Around the world, neurologists had observed that some coronavirus patients were developing serious impairments of the brain. In early March, a 74-year-old man was brought into the emergency room in Boca Raton, Florida, twice after he had a fever and trouble breathing. During his second visit, the man had somehow lost the ability to speak and couldn't tell doctors what was wrong with him or even just his name. Tests eventually showed that the man was infected with the coronavirus.
Meanwhile, a female airline pilot with coronavirus was confused and complained of a headache. She was only able to tell healthcare workers her name and little else. As she became less responsive over time, her brain scan revealed a case of acute necrotizing encephalopathy, a rare brain condition linked to influenza and other viral infections. Parts of her brain showed abnormal swelling and inflammation, with smaller areas where some cells had died.
Doctors in Italy have also made similar observations regarding neurological impairment in coronavirus patients. Dr. Alessandro Padovani from the University of Brescia noted that some patients became delirious even before developing respiratory ailments. The university's hospital has since opened a separate NeuroCovid unit to care for patients with neurological symptoms.
To learn more about the link between coronavirus and neurological impairment, researchers analyzed 214 patients from Wuhan, China, who were treated in one of three special care centers in the university's Union Hospital. Here, patients' neurological symptoms were sorted into one of three categories. (Related: Some patients experiencing an unusual coronavirus symptom known as “fizzing.”)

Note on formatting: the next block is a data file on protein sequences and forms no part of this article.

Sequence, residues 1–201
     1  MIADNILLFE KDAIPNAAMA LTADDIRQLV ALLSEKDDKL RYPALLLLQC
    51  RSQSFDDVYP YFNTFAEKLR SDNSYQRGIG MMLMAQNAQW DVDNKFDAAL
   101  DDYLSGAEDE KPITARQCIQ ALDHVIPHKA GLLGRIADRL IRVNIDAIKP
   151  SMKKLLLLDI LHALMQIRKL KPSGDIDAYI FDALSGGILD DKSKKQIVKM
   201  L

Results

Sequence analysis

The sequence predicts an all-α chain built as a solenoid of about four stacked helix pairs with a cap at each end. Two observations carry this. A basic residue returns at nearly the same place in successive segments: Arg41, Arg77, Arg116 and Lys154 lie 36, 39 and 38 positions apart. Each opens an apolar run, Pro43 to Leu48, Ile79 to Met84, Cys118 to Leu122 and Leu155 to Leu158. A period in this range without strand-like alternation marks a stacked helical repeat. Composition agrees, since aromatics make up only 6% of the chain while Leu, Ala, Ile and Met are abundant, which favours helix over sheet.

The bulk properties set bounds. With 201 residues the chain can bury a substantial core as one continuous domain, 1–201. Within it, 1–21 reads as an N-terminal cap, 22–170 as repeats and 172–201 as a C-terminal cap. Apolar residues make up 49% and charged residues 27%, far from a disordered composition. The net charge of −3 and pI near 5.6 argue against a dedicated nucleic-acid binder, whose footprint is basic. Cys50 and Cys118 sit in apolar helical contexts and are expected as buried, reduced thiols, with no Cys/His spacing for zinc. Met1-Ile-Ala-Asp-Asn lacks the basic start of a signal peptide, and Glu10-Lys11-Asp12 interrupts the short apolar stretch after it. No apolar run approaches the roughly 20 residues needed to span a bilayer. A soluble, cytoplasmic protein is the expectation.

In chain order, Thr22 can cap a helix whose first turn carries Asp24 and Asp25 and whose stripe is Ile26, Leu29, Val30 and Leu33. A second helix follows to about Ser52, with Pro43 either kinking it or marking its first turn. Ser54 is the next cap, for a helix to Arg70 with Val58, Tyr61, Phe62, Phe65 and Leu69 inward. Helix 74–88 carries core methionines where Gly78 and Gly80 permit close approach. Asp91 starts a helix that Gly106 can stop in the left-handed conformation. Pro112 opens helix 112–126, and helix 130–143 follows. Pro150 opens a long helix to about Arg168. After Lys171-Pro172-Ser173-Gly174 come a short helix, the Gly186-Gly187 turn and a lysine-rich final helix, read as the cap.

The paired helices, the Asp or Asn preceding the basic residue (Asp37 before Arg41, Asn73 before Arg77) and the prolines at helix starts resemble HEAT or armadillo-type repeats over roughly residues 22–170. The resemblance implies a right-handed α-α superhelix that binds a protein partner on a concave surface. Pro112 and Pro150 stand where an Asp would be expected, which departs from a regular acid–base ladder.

The first of these categories was for central nervous system manifestations such as headaches, dizziness, impaired consciousness, acute cerebrovascular disease, ataxia and seizure. The other two were skeletal muscular injury manifestations and peripheral nervous system manifestations, including impairment of vision, smell and taste.
Of the 214 patients that the researchers observed, 78 patients -- 36.4 percent -- had neurologic manifestations. More importantly, these patients had shown fewer of the typical symptoms of coronavirus infection, despite being older and having more pre-existing health problems.
“Compared with patients with non-severe infection, patients with severe infection were older, had more underlying disorders, especially hypertension, and showed fewer typical symptoms of COVID-19, such as fever and cough,” stated the researchers.
Based on their findings, the researchers suggest that healthcare workers consider patients with neurological symptoms to be potentially infected with the coronavirus. According to the researchers, this would allow the coronavirus to be detected early and help prevent further transmission.
While scientists found the study noteworthy, they also stressed that respiratory symptoms should still be the main focus of the pathology of the coronavirus.
“The observations of neurological complications in a subset of COVID-19 positive patients [are] worthy of note but should not distract from a focus on the main pathology of respiratory distress,” said Ian Jones, a virologist at the University of Reading in England who was not involved in the study. “Almost half of the patients described here had underlying health issues and there is no direct data given on the presence of [the] virus at neurological sites.”
He also states that “at the moment,” the neurological complications might be a consequence of a severe coronavirus infection -- instead of a new concern.
“Viraemia, the presence of virus in the bloodstream, from where it can access neuronal tissue, was described for SARS but not in all patients and then only transiently,” he explained. “It happens, but is generally not what coronaviruses do.”
Neurologists admit that there is still much to learn about how these neurological symptoms are related to the coronavirus, with other teams doing studies similar to that of the researchers from Huanzhong University. For instance, Dr. Sherry Chou, a neurologist at the University of Pittsburgh School of Medicine, is leading a team of investigators at the Neurological Care Society. Chou emphasized the importance of these neurological studies, as helping someone with these ailments isn't as simple as addressing respiratory ones.
“We absolutely need to have an information finding mission, otherwise we’re flying blind,” said Chou. “There’s no ventilator for the brain. If the lungs are broken we can put the patient on a ventilator and hope for recovery.”
“We don’t have that luxury with the brain.”